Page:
Politicized colleges are alienating students and their bill-paying parents, writes a college consultant in the Washington Post.
Recently, I was advising an Eagle Scout who was justifiably proud of his accomplishment and wanted to highlight it on his college applications. But I worried that the national Boy Scouts’ stand against homosexuals as scout leaders might somehow count against him in the admissions process at some schools. So I suggested that he get involved in an AIDS hotline to show his sensitivity to an issue often linked to the gay community.
Once students led political battles on campus. Now it’s the professors who are talking politics, while students want to get an education that leads to a job, writes Steven Roy Goodman.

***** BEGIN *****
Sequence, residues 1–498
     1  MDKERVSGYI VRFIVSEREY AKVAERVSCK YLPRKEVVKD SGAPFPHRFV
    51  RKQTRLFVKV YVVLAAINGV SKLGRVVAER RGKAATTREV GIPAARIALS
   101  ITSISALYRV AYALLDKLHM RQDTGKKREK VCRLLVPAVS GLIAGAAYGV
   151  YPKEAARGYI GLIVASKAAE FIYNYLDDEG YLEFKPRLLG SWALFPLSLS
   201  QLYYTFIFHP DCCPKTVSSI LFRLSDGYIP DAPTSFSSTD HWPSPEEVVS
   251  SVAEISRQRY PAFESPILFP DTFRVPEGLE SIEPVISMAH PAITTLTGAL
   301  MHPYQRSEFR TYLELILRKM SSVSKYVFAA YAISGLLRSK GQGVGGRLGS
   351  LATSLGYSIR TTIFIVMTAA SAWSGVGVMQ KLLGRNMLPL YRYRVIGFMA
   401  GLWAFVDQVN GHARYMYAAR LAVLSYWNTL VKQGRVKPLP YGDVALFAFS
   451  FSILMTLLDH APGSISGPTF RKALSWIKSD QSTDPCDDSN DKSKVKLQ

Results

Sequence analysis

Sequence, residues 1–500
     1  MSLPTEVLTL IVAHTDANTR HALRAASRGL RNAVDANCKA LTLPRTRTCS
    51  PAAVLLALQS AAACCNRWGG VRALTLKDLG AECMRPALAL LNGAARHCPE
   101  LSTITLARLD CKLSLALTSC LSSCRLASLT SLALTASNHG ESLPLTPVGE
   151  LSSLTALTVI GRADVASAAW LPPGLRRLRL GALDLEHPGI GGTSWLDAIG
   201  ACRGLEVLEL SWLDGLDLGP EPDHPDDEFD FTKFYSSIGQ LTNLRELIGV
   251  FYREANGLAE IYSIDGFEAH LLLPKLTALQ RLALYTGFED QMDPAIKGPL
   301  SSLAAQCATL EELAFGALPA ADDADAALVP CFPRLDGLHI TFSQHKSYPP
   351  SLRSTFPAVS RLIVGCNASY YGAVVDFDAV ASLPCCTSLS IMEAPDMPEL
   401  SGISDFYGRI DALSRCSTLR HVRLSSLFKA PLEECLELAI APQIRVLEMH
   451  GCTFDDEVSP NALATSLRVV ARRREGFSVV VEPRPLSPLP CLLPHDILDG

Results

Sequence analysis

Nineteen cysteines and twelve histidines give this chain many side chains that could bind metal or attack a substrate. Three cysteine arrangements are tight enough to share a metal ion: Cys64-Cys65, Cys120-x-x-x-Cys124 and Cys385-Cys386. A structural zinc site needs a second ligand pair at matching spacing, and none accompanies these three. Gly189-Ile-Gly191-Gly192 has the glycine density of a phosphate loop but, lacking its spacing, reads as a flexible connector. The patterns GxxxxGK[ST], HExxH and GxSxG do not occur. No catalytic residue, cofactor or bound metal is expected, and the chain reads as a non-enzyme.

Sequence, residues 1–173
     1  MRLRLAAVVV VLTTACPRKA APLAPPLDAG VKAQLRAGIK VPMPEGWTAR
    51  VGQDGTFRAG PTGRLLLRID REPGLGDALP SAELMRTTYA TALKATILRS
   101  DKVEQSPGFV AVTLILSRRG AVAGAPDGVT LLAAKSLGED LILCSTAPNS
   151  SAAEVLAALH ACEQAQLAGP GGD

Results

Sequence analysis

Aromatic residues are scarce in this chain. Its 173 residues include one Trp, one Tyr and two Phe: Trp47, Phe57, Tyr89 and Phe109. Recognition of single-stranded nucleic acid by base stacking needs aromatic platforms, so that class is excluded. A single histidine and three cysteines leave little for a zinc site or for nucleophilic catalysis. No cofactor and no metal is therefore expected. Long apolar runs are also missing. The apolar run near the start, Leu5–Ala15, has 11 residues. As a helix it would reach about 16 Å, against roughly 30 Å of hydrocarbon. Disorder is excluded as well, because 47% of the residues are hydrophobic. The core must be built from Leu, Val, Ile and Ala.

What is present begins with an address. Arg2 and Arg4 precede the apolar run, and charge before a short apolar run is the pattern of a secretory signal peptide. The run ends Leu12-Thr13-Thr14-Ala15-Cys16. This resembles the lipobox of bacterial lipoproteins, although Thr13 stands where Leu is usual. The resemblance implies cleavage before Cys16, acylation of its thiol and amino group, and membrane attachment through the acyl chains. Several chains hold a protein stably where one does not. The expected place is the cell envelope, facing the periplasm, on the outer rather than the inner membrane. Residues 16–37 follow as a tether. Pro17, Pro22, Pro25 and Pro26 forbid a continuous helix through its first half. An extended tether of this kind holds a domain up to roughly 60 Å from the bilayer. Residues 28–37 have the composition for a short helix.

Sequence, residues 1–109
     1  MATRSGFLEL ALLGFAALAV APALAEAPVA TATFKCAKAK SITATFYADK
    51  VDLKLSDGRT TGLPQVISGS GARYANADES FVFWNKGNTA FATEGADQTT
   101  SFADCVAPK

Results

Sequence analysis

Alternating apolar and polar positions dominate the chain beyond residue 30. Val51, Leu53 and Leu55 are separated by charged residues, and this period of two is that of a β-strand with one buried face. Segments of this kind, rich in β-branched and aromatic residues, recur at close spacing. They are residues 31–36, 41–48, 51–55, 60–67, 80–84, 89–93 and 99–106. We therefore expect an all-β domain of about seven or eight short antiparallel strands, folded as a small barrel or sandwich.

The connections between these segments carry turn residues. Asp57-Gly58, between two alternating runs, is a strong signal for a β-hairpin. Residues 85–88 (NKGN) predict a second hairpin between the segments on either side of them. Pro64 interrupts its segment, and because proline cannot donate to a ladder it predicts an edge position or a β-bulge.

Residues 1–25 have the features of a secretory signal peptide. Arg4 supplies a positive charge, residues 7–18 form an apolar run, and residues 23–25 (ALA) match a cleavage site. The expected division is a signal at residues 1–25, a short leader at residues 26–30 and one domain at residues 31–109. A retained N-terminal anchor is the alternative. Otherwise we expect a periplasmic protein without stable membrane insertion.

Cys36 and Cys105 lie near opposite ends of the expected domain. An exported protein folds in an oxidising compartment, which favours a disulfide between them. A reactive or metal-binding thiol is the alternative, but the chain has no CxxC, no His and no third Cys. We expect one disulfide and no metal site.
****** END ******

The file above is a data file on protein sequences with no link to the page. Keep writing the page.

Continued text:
Update: Stanley Kurtz follows up with an idea for a solution: Set up alternative programs that serve as enclaves for moderates and conservatives.
The problem with Columbia’s Middle East-studies program is less the behavior of any given professor than the absence of alternative points of view. If Columbia had a place for professors who supported American and Israeli policies, and not merely for faculty who bitterly opposed them, not only would we have real debate, but students would feel less intimidated.
The faculty holds the power of grades and recommendations. One’s ability to go on to post-graduate work depends on not offending one’s professors. Once moderate and conservative students know they can get recommendations from professors who are broadly sympathetic to their views, students will have less to fear from leftists. And having lost their monopoly, politically correct professors may even begin to compete for students. That would make fairness to students of all views more likely.
Setting up an alternative program worked at Princeton, Kurtz writes.
Thanks to Allen in Comments for the Kurtz link.